Bridging the Standardization-Personalization Gap with Data
With data as the common denominator, healthcare can get to a place where standardized care and personalization meet—the best of both worlds. In an industry where meaningful, real-time analytics are increasingly available, physicians can collect outcomes data from local, regional, national, and global sources, and use it to personalize care plans for their patients. Standardizing care and measuring outcomes enable physicians to create customized treatment plans for patients that take a variety of factors into account, such as outcomes for similar patients.
Physicians can sit down with patients and say with confidence, “this medicine decreases the risk of heart attack among women with similar health profiles by 5 percent; is it worth it to you to spend the money and effort to take the pill every day and deal with the potential side effects?” Healthcare data, combined with the ability to assess outcomes of similar patients, gives both physicians and patients the right tools for informed discussion and decision-making. Combining standardized practices with personalized treatment plans increases patient engagement by making patients the focal point of the decision-making process.
Making the Connection between Standardization and Personalized Care at Cincinnati Children’s
Operational efficiency is a top priority at Cincinnati Children’s, which processes 33,000 inpatients, one million outpatients, and 31,000 surgical cases. Dr. Ryckman, Cincinnati Children’s Senior Vice President of Medical Operations, and his team used standardization and daily analytics to decrease hospital-acquired infections by over 50% and save $50 million over two years. According to Dr. Ryckman, “the most important thing we can do to drive down costs in medicine is to eliminate unnecessary work for providers and unnecessary expenses from not following known best practices.”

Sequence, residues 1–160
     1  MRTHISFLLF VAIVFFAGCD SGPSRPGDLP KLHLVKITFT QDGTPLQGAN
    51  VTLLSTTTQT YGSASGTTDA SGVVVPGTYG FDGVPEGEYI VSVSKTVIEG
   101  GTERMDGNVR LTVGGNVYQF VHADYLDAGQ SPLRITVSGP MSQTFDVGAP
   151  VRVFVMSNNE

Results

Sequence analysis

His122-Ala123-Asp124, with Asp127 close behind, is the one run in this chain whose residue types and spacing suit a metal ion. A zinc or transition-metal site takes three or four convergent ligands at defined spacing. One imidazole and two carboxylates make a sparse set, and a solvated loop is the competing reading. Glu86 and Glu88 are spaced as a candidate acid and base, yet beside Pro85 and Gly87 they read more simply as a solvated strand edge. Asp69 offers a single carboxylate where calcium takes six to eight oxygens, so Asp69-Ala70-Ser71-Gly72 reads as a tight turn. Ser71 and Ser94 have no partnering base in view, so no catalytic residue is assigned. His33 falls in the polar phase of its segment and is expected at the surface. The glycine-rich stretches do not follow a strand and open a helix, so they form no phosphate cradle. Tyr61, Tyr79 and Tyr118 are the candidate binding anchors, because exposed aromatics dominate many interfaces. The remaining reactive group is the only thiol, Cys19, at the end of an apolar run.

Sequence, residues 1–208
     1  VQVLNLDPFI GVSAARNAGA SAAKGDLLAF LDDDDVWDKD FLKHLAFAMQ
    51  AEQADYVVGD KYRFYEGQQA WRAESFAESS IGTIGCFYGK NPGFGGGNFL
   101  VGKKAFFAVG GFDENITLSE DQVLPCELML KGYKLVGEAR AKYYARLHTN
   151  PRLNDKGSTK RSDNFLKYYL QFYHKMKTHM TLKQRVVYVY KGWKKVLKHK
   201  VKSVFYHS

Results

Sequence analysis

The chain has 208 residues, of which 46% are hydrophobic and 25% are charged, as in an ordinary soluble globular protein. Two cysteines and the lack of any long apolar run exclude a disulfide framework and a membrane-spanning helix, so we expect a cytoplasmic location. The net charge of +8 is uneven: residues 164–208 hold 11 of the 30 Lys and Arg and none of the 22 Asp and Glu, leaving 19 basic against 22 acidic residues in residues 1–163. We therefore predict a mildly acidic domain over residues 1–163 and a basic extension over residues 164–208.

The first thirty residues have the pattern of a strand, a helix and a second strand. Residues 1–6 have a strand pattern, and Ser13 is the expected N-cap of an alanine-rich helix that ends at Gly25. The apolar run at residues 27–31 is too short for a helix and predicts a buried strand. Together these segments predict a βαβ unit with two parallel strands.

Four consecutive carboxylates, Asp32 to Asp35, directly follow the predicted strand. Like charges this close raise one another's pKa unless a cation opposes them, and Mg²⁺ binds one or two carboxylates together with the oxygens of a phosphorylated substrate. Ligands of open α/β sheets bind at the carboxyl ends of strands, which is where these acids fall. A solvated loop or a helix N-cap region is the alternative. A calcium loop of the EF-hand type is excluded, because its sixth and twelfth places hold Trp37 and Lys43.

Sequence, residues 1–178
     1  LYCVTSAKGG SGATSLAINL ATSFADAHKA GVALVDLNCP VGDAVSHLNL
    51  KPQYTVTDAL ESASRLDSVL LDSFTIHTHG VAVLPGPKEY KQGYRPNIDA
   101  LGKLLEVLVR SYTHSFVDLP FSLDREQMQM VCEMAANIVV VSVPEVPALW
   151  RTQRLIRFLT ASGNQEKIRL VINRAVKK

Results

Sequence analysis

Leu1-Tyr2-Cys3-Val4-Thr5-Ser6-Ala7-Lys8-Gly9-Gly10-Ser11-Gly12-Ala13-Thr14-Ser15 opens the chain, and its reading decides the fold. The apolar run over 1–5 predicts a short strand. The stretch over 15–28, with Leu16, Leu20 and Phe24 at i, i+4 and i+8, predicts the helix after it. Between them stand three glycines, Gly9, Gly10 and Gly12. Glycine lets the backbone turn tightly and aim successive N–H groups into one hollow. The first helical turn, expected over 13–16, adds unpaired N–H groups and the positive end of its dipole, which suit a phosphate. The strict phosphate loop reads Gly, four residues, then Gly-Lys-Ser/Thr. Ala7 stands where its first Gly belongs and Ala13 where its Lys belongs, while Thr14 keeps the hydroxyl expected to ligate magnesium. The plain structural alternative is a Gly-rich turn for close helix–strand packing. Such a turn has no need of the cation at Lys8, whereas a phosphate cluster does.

But standardized care is just part of the equation at Cincinnati Children’s. Dr. Ryckman believes standardization is an individual art, and that personalization is equally important. Dr. Ryckman realized that delivering great post-operative care to his transplant patients could be compromised if he didn’t improve everything (bed use, availability, nurse staffing, and teamwork) needed for greater efficiency and care delivery: “I realized that by working on these things, as well as my personal practice, I could positively influence the care of many more than just my patients. I transitioned my thinking from one person taking care of one person, to building systems of care to improve the care of many.” Dr. Ryckman and his team understand the connection between standardization and personalized care, great outcomes, and positive patient and family experiences.
Health systems—like Cincinnati Children’s—willing to embrace and implement both standardized and personalized care are in a unique position to revolutionize the way healthcare is delivered. Using data to bridge the gaps, health systems can lay the foundation with standardization and build a patient-centric healthcare delivery system using personalization.